The federal judge who overturned California’s same-sex marriage ban says he is ready to rule on whether gay marriages should resume immediately in the state or await an appeals court’s input.
KESQ.com will provide live updates on this developing story online, and send breaking news alerts as soon as the judge’s decision is announced.
Chief U.S. District Judge Vaughn Walker said he would issue his decision Thursday by noon on requests to impose a stay that would keep Proposition 8 in effect while its sponsors appeal his decision.
“It seems to me that the constitution can’t bar that kind of activity,” said Peter Lunsford, who is against Proposition 8.
Supporters of Prop 8 quoted scripture, and said same-sex marriage is against the word of God.
“Romans Chapter I, Paul the apostle says that it is an abomination for two people of the same-sex to lay together,” said Kim, a Proposition 8 suppoter who declined to give her last name.
“It is in the category of sexual immorality and the sexually immoral should no inherit the Kingdom of God,” said Greg, a Proposition 8 supporter who declined to give her last name.
Lunsford said, “There is some issue with the word marriage, and it’s semantics — that’s all it is.”
A passionate following that hoped the will of the people would not be overturned said Judge Walker should have recused himself from presiding over the trial.
That’s because he is himself openly gay, but according to Lunsford, that played no part in the ruling.
“Based on the decision I saw,” he explained. “I thought the decision was sound. I didn’t see that there was bias in the decision.”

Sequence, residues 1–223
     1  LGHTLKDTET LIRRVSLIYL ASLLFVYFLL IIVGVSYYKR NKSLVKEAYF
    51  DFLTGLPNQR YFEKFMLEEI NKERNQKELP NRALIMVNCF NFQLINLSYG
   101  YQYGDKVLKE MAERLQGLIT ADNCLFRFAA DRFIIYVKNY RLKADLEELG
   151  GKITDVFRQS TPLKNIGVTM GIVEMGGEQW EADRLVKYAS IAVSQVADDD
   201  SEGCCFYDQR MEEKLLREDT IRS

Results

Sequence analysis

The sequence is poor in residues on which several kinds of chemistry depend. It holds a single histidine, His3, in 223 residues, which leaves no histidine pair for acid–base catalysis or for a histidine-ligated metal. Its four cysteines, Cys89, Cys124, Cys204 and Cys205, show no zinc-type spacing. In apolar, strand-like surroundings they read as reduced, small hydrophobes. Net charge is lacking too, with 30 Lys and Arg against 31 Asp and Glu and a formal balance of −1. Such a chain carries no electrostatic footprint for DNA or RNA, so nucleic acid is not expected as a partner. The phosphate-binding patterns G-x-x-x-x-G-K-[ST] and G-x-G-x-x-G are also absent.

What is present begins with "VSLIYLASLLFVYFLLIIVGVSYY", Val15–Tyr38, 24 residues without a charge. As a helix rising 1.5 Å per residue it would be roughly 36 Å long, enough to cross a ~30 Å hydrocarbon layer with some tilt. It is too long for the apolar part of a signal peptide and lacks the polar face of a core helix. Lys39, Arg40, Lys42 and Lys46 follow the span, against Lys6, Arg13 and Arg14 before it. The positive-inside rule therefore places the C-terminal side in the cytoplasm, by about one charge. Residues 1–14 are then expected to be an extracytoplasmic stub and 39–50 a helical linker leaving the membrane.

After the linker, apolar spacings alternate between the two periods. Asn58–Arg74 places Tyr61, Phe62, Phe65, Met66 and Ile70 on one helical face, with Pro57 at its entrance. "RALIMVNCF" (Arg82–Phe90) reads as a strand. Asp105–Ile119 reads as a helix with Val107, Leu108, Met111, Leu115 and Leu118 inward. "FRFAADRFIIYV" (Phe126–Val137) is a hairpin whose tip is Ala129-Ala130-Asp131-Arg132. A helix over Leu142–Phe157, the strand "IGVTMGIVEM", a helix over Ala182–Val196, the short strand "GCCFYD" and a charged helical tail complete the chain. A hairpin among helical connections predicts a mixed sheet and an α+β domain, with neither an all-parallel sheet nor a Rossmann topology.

Millions of gay rights supporters across the states hailed Judge Walker’s decision last Wednesday, overruling a voter-approved ban on same-sex marriage.
“I think that its absolutely imperative that people have the same rights in this country,” said Paul, a Prop 8 supporter who declined to give his last name.
Hundreds held a rally in Palm Springs that historic night, and that same support was evident on the streets Wednesday evening.
“Had the courts not ruled in favor of equality for blacks,” said Paul. “I think we would still have segregation in this country.”
Still, both sides of the heated debate are holding their collective breath, because Judge Walker’s ruling, scheduled to be announced Thursday at noon, can go either way.
“I think that is totally wrong of him to overturn something that the people have already voted on,” said Kim.
“I know that there are a lot of people across the nation that are interested in this and they’re waiting on the California decision,” said Lunsford.